While security improvements in Iraq are continuing, the training and equipping of Iraqi forces could be hampered by the global economic crisis and drop in oil prices.

According to the Pentagon’s latest quarterly report on the Iraq war, the economic challenges could "curtail the rate at which Iraqi forces can become fully modernized, self sufficient, and [counter-insurgency] capable, particularly in the near term."

Plans to add around 40,000 Iraqi troops by 2010 might need to be delayed as a result.

The decline in oil prices means that the Iraqis now face a budget deficit of around $20 billion in 2009, the report said.

Iraqi forces continue to rely on American troops for logistics, fire support, close-air support, communications, planning and intelligence, "particularly in northern Iraq," the report reads.

A successful U.S. withdrawal from Iraq relies on building up Iraqi forces to fill security voids left by departing American troops. Under the security agreement between the two nations that went into effect at the beginning of this year, American combat troops are to be out of Iraqi cities by the end of June.

The Pentagon’s report highlighted several other concerns, including continued interference by Iran, particularly the "long-term threat" posed by Iranian-sponsored Shiite militias.

"Iran continues to host, train, fund, arm and guide militant groups that seek to bleed the U.S. in Iraq, and Tehran remains opposed to a long-term partnership between the [government of Iraq] and the United States," the report said.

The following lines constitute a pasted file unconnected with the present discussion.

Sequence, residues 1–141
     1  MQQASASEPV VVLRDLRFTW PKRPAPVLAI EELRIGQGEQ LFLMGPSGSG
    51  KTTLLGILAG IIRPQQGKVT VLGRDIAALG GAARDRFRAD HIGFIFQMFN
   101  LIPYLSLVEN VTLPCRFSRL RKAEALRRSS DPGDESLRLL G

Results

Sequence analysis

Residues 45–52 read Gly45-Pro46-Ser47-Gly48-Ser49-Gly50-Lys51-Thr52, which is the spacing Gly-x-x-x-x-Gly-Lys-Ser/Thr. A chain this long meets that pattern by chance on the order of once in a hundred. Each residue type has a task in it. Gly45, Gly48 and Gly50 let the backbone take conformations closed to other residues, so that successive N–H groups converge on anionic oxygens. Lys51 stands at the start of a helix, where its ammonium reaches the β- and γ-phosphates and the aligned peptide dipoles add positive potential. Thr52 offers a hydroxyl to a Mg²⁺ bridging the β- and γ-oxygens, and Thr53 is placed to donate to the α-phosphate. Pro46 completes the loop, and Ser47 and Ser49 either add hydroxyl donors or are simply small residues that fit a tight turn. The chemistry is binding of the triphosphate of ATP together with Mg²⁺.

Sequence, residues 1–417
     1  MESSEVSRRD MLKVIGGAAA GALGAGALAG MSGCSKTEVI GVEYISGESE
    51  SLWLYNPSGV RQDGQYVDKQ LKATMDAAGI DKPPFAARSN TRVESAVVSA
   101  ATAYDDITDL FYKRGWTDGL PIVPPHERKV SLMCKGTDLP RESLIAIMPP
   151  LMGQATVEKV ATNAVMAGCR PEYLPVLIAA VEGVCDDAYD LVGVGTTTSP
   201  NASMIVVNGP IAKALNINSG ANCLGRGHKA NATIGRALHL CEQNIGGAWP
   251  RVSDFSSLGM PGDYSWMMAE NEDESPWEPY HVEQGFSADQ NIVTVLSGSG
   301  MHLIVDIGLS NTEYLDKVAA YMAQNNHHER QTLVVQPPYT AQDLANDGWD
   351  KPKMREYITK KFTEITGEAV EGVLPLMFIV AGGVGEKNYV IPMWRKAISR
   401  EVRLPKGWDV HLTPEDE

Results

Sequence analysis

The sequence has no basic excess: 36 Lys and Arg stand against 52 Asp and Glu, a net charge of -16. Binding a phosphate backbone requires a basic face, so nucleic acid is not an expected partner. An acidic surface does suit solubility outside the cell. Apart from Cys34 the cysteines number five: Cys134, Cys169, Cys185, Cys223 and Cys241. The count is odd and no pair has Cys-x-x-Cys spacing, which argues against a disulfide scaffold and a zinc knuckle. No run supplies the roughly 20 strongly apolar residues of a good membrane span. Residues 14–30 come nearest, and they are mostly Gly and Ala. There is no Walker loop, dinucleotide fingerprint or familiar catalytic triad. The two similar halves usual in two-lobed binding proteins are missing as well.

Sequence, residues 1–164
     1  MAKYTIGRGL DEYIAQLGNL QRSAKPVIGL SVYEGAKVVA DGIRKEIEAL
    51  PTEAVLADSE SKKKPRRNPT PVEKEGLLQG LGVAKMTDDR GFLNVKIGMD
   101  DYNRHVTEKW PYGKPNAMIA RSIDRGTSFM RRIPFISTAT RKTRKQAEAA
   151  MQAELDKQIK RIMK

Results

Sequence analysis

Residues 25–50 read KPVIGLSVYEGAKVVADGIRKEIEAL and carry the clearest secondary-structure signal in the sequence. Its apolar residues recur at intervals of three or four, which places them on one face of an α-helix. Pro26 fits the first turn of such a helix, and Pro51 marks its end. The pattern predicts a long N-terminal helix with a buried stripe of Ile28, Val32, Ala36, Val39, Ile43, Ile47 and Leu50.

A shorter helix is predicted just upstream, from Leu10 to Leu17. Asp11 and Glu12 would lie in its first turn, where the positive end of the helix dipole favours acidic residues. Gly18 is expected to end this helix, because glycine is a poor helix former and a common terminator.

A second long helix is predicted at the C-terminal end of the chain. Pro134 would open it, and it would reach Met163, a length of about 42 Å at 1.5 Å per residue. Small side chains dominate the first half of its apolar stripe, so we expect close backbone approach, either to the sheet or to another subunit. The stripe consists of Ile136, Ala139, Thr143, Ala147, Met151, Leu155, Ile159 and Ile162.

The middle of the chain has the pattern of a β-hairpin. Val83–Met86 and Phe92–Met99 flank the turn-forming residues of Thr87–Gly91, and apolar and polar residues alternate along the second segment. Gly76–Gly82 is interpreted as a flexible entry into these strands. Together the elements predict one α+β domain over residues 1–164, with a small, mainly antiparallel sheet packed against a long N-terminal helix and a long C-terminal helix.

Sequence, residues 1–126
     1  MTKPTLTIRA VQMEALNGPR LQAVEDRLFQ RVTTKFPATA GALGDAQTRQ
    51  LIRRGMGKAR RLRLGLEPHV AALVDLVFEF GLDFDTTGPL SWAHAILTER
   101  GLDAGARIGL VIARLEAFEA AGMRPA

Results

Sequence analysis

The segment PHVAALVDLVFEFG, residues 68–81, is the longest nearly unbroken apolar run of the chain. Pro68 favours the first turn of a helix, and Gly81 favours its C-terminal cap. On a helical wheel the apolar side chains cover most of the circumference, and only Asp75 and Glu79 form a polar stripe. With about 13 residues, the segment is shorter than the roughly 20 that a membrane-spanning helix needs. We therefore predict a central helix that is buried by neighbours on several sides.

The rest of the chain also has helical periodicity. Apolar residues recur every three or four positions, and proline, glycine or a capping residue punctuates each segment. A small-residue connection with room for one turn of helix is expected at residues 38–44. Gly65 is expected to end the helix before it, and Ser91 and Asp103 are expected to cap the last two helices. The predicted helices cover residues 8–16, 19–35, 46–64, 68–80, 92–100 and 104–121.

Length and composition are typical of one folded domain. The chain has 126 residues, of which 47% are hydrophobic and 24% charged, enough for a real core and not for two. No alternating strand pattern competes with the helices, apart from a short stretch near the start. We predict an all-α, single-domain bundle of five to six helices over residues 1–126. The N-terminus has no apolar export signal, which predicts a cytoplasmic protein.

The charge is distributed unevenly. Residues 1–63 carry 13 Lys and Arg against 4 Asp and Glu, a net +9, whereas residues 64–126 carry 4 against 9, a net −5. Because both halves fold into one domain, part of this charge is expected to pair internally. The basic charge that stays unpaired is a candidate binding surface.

Iran’s goal, the report claims, is a Shiite-led government that is "stable but relatively weak."

"Tehran remains determined to build influence in Iraq as part of a strategy to attain a preeminent role in the region, but Iraqi nationalism may act as a check on Iran’s ambitions."

The Pentagon report charts continued security improvements, noting that insurgent attacks during the period between December 2008 and February 2009 fell to an average of 12 per day. The previous three-month period saw an average of 22 attacks per day.

"But," the report said, "insurgents still have the capacity to conduct high-profile attacks."

The security gains are "increasingly positive," but "remain fragile in some places, most notably in Ninewa and Diyala provinces, as well as in some parts of Baghdad."

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